Interested in hosting a virtual screening? Inquire here!


Seen through the eyes of family farmers in southwest France, AFTER WINTER, SPRING is an intimate portrait of an ancestral way of life under threat in a world increasingly dominated by large-scale industrial agriculture.


In the Périgord region of southwest France, a rural community grapples with a profound question: will it be the last generation of family farmers in a region continuously cultivated for over five thousand years?

AFTER WINTER, SPRING is an intimate study of these French farmers as they struggle with that issue. Shot over three years, the film captures the daily lives of Nanou, Guy and other neighbors with deep roots in the Périgord. At their kitchen tables and in their fields, these family farmers communicate a profound attachment to the land. But the film's characters also share their day-to-day challenges and their fears that small-scale operations such as theirs may be no match for the multitude of 21st century threats.

In an era of rapid growth of mega-farms, the encroachment of suburbia, new European Union rules, and reductions of agricultural subsidies, these farmers – young and old – are forced to confront challenges that threaten the very existence of their small farms.

Their story is recorded by one of their neighbors, an American filmmaker who grew up on her family's farm in Pennsylvania. Inter-weaving her story and theirs, the film explores the nature of the farming life and the changes, over the last 60 years, that impact the lives of families whose survival is tied to the land. As each of the farmer's stories unfolds, we see their individual responses to change...the losses and the surprising adaptations.

The Périgordine farmers show us that as agriculture moves out of the hands of families who have farmed for generations and into a model of "agriculture as business," something fundamental shifts. This farming community caught between tradition and an uncertain future struggles to hold on not only to their farms but to a set of values that comes of their intimate relationship with the natural world. AFTER WINTER, SPRING reveals the human story of family farming at a turning point in history.

74 minutes

In French and English, with English narration, English subtitles
SDH Captioning for the Deaf & Hard-of-Hearing

Directed and Produced by Judith Lit
Associate Producer: David Hurst
Cinematography: Stéphane Carbon
Editor: Jennifer Chinlund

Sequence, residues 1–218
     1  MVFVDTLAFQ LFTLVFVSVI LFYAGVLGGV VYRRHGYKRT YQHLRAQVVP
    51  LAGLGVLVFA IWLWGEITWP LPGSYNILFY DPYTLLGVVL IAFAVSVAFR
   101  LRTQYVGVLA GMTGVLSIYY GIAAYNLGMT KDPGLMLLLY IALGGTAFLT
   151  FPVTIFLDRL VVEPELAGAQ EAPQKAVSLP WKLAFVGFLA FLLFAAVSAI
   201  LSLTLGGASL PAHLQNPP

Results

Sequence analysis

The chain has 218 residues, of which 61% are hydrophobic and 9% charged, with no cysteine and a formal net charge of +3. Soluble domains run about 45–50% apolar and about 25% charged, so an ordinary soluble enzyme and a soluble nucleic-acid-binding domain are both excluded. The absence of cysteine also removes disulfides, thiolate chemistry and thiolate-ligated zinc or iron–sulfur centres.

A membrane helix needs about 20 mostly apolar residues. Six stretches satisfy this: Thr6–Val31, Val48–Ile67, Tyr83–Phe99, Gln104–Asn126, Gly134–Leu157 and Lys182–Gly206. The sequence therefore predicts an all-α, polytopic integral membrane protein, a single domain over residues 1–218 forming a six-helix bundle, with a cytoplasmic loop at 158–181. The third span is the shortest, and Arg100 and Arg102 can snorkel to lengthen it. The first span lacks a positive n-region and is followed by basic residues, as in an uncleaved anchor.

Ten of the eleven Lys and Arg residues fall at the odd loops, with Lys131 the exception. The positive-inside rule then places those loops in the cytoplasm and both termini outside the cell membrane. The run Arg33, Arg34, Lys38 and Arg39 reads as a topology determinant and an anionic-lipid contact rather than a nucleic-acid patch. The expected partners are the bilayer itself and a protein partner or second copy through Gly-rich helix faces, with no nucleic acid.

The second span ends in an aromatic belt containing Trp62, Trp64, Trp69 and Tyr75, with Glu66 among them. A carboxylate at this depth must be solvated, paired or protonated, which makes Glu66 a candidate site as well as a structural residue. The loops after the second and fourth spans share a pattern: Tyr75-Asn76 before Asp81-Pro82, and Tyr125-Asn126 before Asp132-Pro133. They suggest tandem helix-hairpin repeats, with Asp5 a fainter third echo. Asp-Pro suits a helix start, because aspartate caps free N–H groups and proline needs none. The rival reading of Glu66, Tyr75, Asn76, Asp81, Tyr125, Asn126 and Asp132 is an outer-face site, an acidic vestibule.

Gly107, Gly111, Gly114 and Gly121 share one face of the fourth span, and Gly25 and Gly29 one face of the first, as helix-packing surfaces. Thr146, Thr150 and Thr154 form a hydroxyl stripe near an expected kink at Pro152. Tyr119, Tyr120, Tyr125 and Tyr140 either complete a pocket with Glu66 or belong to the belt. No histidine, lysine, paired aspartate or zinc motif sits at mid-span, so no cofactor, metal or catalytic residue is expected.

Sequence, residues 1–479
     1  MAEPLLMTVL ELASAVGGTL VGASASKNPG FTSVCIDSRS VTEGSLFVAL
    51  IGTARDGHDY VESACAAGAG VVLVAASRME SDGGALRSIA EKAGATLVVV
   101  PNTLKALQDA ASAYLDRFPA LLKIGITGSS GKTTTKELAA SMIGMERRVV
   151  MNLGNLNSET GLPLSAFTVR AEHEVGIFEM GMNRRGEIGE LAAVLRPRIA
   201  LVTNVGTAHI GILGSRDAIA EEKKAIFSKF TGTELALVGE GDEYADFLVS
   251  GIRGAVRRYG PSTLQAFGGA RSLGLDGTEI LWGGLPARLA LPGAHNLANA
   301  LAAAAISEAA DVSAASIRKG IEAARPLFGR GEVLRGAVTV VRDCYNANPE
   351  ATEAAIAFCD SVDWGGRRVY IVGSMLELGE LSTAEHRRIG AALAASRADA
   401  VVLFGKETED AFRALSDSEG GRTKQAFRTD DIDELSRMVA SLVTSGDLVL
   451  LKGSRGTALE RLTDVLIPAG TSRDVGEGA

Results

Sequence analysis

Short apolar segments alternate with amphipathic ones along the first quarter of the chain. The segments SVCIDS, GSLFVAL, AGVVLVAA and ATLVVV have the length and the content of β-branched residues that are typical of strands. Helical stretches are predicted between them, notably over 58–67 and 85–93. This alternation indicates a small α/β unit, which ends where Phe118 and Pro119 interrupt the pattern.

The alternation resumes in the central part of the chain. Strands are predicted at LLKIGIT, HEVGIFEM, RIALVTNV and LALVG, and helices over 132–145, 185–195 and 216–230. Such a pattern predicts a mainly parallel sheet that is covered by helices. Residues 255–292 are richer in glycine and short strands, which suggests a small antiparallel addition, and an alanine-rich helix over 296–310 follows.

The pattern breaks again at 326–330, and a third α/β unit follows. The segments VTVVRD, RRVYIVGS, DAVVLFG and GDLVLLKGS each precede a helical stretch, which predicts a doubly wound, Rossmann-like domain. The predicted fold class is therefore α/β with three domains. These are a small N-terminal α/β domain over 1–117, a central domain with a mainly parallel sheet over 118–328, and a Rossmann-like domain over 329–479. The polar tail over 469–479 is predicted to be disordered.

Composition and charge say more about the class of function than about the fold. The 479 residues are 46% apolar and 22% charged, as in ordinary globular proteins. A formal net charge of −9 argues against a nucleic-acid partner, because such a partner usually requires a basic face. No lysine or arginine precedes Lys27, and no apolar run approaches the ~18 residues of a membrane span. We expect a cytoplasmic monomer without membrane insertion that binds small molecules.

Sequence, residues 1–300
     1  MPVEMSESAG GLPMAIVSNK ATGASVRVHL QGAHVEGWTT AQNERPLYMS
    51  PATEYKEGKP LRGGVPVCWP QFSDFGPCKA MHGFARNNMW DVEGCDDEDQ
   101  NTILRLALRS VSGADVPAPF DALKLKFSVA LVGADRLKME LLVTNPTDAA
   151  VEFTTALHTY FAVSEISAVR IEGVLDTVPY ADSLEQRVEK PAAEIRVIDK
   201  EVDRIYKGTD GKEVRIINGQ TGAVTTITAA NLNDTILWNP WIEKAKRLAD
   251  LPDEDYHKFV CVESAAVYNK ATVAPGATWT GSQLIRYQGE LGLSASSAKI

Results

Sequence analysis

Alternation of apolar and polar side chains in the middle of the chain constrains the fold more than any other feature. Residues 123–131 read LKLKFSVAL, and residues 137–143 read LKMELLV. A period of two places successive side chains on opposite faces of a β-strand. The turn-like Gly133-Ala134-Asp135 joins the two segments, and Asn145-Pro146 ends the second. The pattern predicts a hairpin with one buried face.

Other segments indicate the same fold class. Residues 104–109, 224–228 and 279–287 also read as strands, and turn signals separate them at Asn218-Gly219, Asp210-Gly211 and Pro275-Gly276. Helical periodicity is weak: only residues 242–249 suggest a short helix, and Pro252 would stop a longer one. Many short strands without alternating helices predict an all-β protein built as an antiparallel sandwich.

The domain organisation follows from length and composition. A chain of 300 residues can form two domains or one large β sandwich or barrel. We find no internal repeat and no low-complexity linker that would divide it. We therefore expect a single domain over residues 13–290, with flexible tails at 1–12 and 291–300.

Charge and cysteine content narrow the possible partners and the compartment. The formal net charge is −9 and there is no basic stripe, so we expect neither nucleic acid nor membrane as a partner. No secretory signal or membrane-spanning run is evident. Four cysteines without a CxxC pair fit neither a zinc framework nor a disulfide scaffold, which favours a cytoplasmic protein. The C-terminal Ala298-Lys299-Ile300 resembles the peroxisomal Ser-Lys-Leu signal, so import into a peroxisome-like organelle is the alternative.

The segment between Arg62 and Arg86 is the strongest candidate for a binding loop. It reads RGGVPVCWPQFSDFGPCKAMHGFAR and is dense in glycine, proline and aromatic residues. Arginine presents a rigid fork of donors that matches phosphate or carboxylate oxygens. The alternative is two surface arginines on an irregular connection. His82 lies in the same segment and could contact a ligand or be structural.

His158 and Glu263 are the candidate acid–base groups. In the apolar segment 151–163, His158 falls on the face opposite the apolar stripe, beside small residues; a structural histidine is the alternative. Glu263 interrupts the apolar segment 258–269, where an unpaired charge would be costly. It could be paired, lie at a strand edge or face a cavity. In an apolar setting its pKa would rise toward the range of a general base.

Original Music: Todd Boekelheide


Screening options (with license to charge admission):
$100 Small Community Screening (1-50 people)
$200 Medium Community Screening (51-100 people)
$350 Large Community Screening (100+ people)

"I love this film. AFTER WINTER, SPRING is a beautiful and intimate look into the lives of contemporary French peasants who heroically struggle to maintain the dignity of traditional, tactile ways in an age of EU homogenization." 
Richard McCarthy, Executive Director, Slow Food USA

"A personal and deeply moving story...AFTER WINTER, SPRING shares first-hand accounts of the daily struggles and simple pleasures of those who still make their living from the land...As we push to maximize farming efficiency and output it is important to understand what we lose in the process. This is a thought-provoking film for anyone interested in the future of farming and food, but especially important for today's young, aspiring farmers and food-policy activists."
Sean Clark, Associate Professor of Agriculture and Natural Resources, Director of Berea College Farm, Berea College, Co-editor, Fields of Learning: The Student Farm Movement in North America

"In an era of films pointed in their messages and short on subtlety, AFTER WINTER, SPRING compels the viewer to reconsider the costs of 'progress' through a deft weaving of spectacular pastoral landscapes and fragile agricultural traditions. The villagers' vignettes beg to be more than echoes of a receding past, as one small village tells a global story in its own quiet way."
Philip Ackerman-Leist, Associate Professor of Environmental Studies, Director of the Farm & Food Project, Green Mountain College, Author, Rebuilding the Foodshed: How to Create Local, Sustainable, and Secure Food Systems

"Achingly lovely...From the idealistic couple starting a tiny organic operation to the 88-year-old vintner/philosopher...are marvelous. Facing tough times, they love their animals and their land with inspiring hope."
Bethany Jean Clement, The Stranger

"It's a film that shows the challenges facing traditional farms everywhere. A realistic and sensitive film, it offers a true picture of the life of farm families struggling to make a living by working the land. It deserves a wide audience."
Robert L. Carlson, United Nations Special Ambassador, International Year of Family Farming


Do you like this page?